His travel reimbursement reports show he claimed about 1,000 miles a month. The state pays 49 cents a mile. If Thurlow had returned to Grand Junction by car every weekend during the session, as many lawmakers do, he could have claimed more than 2,100 miles each month.
Thurlow listed no travel or food expenses in any of his campaign filings with the Colorado Secretary of State's Office.
"I use my campaign account only for campaign expenses. Things like yard signs, brochures, TV, radio, newspaper ads," Thurlow said. "I don't think the people that contribute to my campaign expect me to eat — I would do that anyway — drive — I do that anyway — or take Uber — I do that anyway — and charge it to the campaign.
"In addition, when we are in session from the middle of January to the middle of May, the state reimburses us for the expense of living in Denver," Thurlow said. "If you also reimburse yourself from your campaign account, that sounds like double-dipping."
Overall, Thurlow has outraised Scott in campaign contributions — $40,358 compared to $30,690 — since January.
While nearly all of Thurlow's money has come from individuals who live inside Senate District 7, which comprises all of Grand Junction and Mesa County, Scott received a lot of outside money, some of which was funneled through nine right-leaning political action committees.
All of those groups, which have names like the Constitutional Liberty Fund or the Right Leadership PAC, were formed by the same GOP political operative, Katie Kennedy, who makes a living doing such work. Each group receives its funding from large corporations, and all the same ones, such as Noble Energy, MillerCoors, Pfizer and Comcast. Altogether, they gave Scott $3,600.
Notable individuals who donated to Scott's campaign include Mesa County Commissioner John Justman, former Grand Junction City Councilor Marty Chazen and conservative political activist Kevin McCarney.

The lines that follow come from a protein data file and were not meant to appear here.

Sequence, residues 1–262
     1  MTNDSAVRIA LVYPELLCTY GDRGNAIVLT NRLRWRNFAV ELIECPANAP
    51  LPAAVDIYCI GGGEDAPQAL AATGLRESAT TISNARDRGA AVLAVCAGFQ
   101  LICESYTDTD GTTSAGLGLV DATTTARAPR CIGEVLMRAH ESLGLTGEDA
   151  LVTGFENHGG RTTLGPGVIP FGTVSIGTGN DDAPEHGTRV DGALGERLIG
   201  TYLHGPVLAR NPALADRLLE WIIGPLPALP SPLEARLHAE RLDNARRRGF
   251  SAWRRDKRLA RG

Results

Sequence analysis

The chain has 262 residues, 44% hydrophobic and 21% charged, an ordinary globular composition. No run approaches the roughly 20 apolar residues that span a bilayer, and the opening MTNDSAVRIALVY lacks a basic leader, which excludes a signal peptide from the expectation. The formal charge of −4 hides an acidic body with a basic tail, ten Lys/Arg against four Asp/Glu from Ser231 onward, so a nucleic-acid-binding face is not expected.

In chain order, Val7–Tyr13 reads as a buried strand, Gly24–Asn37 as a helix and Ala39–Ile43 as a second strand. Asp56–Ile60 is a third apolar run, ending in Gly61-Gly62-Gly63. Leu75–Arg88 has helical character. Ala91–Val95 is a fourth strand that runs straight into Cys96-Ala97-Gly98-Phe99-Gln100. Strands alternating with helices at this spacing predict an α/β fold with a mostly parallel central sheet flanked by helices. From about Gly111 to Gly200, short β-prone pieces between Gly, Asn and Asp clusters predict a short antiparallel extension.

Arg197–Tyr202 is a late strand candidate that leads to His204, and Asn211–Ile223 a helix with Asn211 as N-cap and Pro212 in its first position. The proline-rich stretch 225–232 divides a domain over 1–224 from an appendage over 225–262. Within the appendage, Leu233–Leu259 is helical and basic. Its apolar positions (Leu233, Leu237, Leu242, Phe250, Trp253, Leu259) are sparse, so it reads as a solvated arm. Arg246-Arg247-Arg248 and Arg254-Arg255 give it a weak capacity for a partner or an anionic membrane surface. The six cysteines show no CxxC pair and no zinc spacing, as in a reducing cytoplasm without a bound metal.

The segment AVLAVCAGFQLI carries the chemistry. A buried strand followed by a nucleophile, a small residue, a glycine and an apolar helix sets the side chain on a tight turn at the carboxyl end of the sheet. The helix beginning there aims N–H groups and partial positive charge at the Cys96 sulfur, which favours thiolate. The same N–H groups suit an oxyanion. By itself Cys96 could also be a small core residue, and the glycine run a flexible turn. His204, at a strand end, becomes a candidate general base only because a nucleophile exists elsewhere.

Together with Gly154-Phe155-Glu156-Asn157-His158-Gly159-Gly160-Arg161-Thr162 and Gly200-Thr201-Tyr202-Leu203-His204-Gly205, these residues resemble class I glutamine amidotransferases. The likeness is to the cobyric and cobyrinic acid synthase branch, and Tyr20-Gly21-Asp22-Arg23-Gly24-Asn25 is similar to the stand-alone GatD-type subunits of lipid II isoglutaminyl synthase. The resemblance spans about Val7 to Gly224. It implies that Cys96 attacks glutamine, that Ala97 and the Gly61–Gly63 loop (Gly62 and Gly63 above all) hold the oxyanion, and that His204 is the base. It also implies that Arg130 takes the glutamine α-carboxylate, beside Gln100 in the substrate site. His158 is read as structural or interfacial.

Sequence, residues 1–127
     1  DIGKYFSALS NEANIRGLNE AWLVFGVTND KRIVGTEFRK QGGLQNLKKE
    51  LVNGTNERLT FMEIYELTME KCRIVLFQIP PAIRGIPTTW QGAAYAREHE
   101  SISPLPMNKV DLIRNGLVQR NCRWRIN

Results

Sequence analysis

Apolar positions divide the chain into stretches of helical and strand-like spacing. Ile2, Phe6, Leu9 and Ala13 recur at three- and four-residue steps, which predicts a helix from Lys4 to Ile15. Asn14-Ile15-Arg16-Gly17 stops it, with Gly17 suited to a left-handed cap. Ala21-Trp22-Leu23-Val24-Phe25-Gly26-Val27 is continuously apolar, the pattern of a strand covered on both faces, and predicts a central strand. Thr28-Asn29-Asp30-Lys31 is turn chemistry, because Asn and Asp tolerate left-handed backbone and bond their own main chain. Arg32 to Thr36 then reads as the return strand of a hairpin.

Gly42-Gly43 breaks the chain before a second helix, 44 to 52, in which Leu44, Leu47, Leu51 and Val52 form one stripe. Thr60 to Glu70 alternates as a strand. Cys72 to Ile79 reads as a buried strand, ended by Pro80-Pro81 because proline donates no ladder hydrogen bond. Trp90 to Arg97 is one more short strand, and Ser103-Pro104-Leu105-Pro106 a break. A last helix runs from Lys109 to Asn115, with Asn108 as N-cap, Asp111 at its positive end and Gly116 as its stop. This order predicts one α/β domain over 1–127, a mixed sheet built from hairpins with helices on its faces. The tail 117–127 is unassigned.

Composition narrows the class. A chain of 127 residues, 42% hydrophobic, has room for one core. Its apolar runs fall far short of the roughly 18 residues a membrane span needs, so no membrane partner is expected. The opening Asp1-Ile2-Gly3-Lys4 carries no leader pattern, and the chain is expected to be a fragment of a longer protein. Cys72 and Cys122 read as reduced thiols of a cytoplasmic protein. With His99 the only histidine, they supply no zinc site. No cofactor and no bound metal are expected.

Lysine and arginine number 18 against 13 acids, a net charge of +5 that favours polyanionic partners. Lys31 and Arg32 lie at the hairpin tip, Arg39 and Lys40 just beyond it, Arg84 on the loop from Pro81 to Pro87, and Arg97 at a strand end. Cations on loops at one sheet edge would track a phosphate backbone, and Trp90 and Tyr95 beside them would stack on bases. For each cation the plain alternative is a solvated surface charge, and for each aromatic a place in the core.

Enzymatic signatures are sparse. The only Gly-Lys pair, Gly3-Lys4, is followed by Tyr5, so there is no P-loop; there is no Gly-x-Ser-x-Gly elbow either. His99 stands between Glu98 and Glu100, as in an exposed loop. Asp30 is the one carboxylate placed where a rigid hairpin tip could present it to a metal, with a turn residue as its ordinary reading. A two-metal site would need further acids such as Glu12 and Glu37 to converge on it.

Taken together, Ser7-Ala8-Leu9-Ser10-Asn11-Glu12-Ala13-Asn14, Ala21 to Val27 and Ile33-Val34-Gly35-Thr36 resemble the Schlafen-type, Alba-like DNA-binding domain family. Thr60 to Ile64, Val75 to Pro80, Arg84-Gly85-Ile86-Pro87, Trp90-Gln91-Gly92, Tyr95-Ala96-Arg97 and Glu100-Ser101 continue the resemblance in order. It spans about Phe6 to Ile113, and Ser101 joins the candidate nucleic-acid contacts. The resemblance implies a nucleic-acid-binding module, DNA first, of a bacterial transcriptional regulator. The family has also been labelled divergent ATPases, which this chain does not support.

Scott also received $350 from former state Rep. Gordon Klingenschmitt, a controversial internet evangelist who has made national headlines for some of his statements, including saying in 2015 that a Longmont woman who had her unborn child cut out of her womb was evidence of a "curse of God" for abortion rights.
Scott also received more than $1,800 from several liquor stores in the Grand Valley, and $4,280 from the Colorado Licensed Beverage Association, whose members are liquor stores. Some of that money came from an April fundraiser organized by Fisher's Liquor Barn to thank Scott for introducing a bill designed to help privately owned liquor stores compete with grocery and convenience stores that will be able to sell full-strength beer starting next year.
Scott later killed his own bill because a nearly identical one ended up getting through the Legislature, one that was watered down from its original version.
In addition to the $18,200 Thurlow transferred from his expired House account, the two-term representative collected $14,600 since January and another $7,500 in the past two weeks for his Senate bid.
Notable individuals who donated to his campaign include Grand Junction City Councilor Phyllis Norris, Enstrom Candies co-owner Doug Simons and Bray Real Estate CEO Robert Bray. He also received a $300 donation from Colorado Ceasefire, a group that seeks "responsible" laws to help reduce gun violence.
Thurlow was one of only two House Republicans to support a bill to allow family or law enforcement to get special restraining orders from a judge to temporarily remove firearms from the hands of mentally ill people. Ceasefire supported that bill.